The Electoral Commission said afterwards that the pilots “ran well but several important questions remain about how an identification requirement would work in practice.”

Access to photographic ID

The Electoral Commission has argued for a voter ID scheme since 2014. It set out a rationale and costing for such a scheme in 2015. As part of this analysis, it provided estimates of the number of people who do not have access to any of the following forms of ID:

  • photographic driving licence
  • passport
  • Proof of Age Standards Scheme (PASS) card
  • military identification card
  • police identification card
  • and firearms licence.
  • photographic public transport passes, including certain concessionary travel passes such as the Freedom Pass and Oyster Photocard

The Commission’s research estimated that:

  • Approximately 3.5m electors (7.5% of the electorate) would have none of the forms of photo ID highlighted, i.e. 92.5% of electors would already have at least one form of acceptable photo ID. 
  • Limiting acceptable ID to passports and photographic driving licences would see potentially 11m electors, or 24% of the electorate, without acceptable ID.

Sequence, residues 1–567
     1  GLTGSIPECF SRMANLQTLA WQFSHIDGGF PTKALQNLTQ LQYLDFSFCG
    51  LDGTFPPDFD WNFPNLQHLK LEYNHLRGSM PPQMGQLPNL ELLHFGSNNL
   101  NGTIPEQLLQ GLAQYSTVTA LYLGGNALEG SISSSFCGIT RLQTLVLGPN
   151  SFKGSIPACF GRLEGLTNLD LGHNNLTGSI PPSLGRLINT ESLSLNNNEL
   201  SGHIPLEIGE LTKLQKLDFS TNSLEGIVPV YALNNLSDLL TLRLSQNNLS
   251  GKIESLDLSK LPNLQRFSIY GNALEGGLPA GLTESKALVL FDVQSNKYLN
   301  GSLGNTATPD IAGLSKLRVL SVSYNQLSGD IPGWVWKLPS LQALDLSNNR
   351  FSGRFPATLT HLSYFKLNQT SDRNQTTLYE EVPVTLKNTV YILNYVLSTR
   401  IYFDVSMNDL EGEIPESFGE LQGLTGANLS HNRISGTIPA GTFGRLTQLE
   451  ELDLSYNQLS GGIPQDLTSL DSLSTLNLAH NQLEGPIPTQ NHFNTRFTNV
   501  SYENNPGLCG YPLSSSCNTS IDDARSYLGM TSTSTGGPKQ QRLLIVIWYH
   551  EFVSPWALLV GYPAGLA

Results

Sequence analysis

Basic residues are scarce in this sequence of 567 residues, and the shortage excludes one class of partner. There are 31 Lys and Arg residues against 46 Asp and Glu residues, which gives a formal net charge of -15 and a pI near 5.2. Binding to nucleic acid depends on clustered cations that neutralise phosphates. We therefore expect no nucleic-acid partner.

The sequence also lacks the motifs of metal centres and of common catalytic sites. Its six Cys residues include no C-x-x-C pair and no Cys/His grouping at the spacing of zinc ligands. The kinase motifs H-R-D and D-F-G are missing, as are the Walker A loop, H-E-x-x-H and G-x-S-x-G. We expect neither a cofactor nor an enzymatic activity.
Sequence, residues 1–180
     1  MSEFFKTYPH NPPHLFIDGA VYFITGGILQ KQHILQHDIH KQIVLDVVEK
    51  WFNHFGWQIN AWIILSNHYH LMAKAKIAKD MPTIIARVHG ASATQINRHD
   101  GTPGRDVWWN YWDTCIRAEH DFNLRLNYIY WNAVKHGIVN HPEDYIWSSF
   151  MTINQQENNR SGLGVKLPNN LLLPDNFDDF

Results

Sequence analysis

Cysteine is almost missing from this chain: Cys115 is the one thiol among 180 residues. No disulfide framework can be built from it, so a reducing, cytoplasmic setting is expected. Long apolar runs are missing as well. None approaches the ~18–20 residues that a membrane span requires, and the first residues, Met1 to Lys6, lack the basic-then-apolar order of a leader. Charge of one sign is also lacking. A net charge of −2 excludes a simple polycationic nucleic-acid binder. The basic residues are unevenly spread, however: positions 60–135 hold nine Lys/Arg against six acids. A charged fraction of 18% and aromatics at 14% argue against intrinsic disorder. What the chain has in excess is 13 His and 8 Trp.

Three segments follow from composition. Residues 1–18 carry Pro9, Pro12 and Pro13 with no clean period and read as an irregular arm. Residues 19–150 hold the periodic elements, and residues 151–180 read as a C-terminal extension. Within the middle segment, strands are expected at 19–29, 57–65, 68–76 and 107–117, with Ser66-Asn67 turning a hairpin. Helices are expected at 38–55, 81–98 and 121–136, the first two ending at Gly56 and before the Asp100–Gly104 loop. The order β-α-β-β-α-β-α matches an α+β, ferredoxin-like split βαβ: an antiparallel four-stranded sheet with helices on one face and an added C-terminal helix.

• Allowing only passports, photographic driving licences and Oyster Photocards to be used reduce the number of electors without ID to 6m, or 13% of the electorate.

These estimates have not been updated since 2015 .

Who is most likely to be affected?

The Commission also noted that 2011 Census data shows that White groups and mixed White and Black Caribbeans are less likely than other groups to hold a passport. DVLA data showed that women, people under 20 and over 65, and people in London are less likely to hold a driving licence.

Overall, the Census shows that 19% of people in White groups did not have a passport in 2011, compared with 7% of ‘other’ groups and 17% of the total population. The RAC estimates that 75% of people aged 17 and over in England held a full driving licence in 2018. It also noted that the proportion of older people with driving licences has increased since 1995.